The current video driver is just a modified standard VGA video text mode driver, just for software development.

So yes its VGA, which is already a big step up from just generating a composite video signal.

most modern monitors still accept VGA, and there are literally millions of VGA capable monitors still in use, so not having HDMI isn't much of a compromise. I expect that (second hand) VGA capable monitors will be easily be available for another few decades, not so much TV's with a composite input...

Remember this is a device that is RETRO to the core... :mrgreen:

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Re: My own 8-bit RETRO Homecomputer: RhoCoCo

Wed May 29, 2019 4:37 pm

Gavinmc42 wrote:
Wed May 29, 2019 8:53 am
Prop2 does HDMI?
I believe so; it was a late addition to the spec - And what isn't with the P2 ? :roll:

From my understanding it will generate standard HDMI but won't have a full 1920x1080 framebuffer. I would guess it probably supports 360p.

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Re: My own 8-bit RETRO Homecomputer: RhoCoCo

Wed May 29, 2019 5:37 pm

It seems a prop2 is definitely overkill for my retro home computer.
But its nice to know they are working on it, and I will definitely be keeping an eye on it.

for now a prop1 can bring me all these things:
  • providing permanent memory, in the form of a cheap serial EEPROM
  • Loading up ROM images to the Z80's RAM, booting them up, handling and generating the Z80 clock signal.
  • Handling Z80 IORQ's (up to 256 unique read and write requests)
  • handling background NMI's for the Z80, and copying the Z80 frame buffer RAM to the propeller for display
  • handling (triggering) periodical keyboard matrix scans and reads, converting them to key-press and key-release codes, plus handling the keyboard buffer
  • initializing and handling the 8_blocks_of_16K memory mapper for the 128K Z80 RAM (expandable to 256K).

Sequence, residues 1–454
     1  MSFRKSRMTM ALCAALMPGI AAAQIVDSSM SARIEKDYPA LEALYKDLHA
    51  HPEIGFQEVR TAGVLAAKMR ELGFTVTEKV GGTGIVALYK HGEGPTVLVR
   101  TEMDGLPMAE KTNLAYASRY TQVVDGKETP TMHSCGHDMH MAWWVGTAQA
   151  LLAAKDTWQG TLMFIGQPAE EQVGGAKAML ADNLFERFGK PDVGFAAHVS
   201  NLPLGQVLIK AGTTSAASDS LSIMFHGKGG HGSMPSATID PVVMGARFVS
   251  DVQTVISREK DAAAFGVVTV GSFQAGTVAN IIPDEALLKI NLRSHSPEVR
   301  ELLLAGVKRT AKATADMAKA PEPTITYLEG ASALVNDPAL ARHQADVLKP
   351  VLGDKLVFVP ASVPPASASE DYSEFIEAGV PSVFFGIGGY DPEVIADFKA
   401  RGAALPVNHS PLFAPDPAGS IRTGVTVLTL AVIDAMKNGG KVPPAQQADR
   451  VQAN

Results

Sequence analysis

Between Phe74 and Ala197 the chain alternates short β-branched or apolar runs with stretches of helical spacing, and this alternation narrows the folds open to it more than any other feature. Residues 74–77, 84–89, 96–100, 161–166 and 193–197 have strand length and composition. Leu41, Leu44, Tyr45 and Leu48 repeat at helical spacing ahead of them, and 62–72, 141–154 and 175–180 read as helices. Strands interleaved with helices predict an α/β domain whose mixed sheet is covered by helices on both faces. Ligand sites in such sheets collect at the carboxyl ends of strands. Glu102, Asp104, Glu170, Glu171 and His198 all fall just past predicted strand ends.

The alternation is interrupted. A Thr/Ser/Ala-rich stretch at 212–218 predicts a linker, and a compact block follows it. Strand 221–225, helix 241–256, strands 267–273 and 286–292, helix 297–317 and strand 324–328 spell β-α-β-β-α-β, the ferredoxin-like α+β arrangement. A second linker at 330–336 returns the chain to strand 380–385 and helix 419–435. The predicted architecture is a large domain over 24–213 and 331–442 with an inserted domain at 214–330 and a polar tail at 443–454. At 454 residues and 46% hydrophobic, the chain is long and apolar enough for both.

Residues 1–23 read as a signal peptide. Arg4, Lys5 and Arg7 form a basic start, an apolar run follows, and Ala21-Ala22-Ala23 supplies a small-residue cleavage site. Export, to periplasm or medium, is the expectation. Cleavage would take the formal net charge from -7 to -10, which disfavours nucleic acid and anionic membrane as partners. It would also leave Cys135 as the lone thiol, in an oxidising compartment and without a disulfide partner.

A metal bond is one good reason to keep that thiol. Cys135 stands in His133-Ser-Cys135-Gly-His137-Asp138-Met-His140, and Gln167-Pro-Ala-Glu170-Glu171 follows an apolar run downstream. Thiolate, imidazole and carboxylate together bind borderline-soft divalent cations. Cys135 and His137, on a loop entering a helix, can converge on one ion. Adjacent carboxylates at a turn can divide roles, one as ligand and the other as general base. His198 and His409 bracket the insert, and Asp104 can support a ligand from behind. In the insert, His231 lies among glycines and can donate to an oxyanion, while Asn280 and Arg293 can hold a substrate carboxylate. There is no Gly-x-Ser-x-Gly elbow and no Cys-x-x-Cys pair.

• handling sound generator emulation (including a SID chip, and AY8910 sound)
  • generating a 64 color VGA signal with various text and tile based graphics modes, including sprites
  • assisting in fast vertical and horizontal scrolling
  • Handling SD-card file I/O , loading files in Z80 ram, and executing them, if needed.
  • handling software updates for both the Z80 and propeller co-processor.
  • providing UART and I2C I/O capabilities, for I/O expansion and a programming/debug interface
  • And probably a whole lot of other tasks I have not thought of yet

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Gavinmc42
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Re: My own 8-bit RETRO Homecomputer: RhoCoCo

Sat Jun 01, 2019 11:00 am

most modern monitors still accept VGA, and there are literally millions of VGA capable monitors still in use, so not having HDMI isn't much of a compromise.
This was in my head when I saw a HDMI to VGA dongle in Daiso the other day.
Did not even know they make those sorts of things.
$25 AUD a bit higher than usual Daiso pricing.

i wonder how the Prop would go as a Hyperbus memory interface?
F-RAMs? 100 Trillion R/W cycles 108MHZ QSPI:o
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Re: My own 8-bit RETRO Homecomputer: RhoCoCo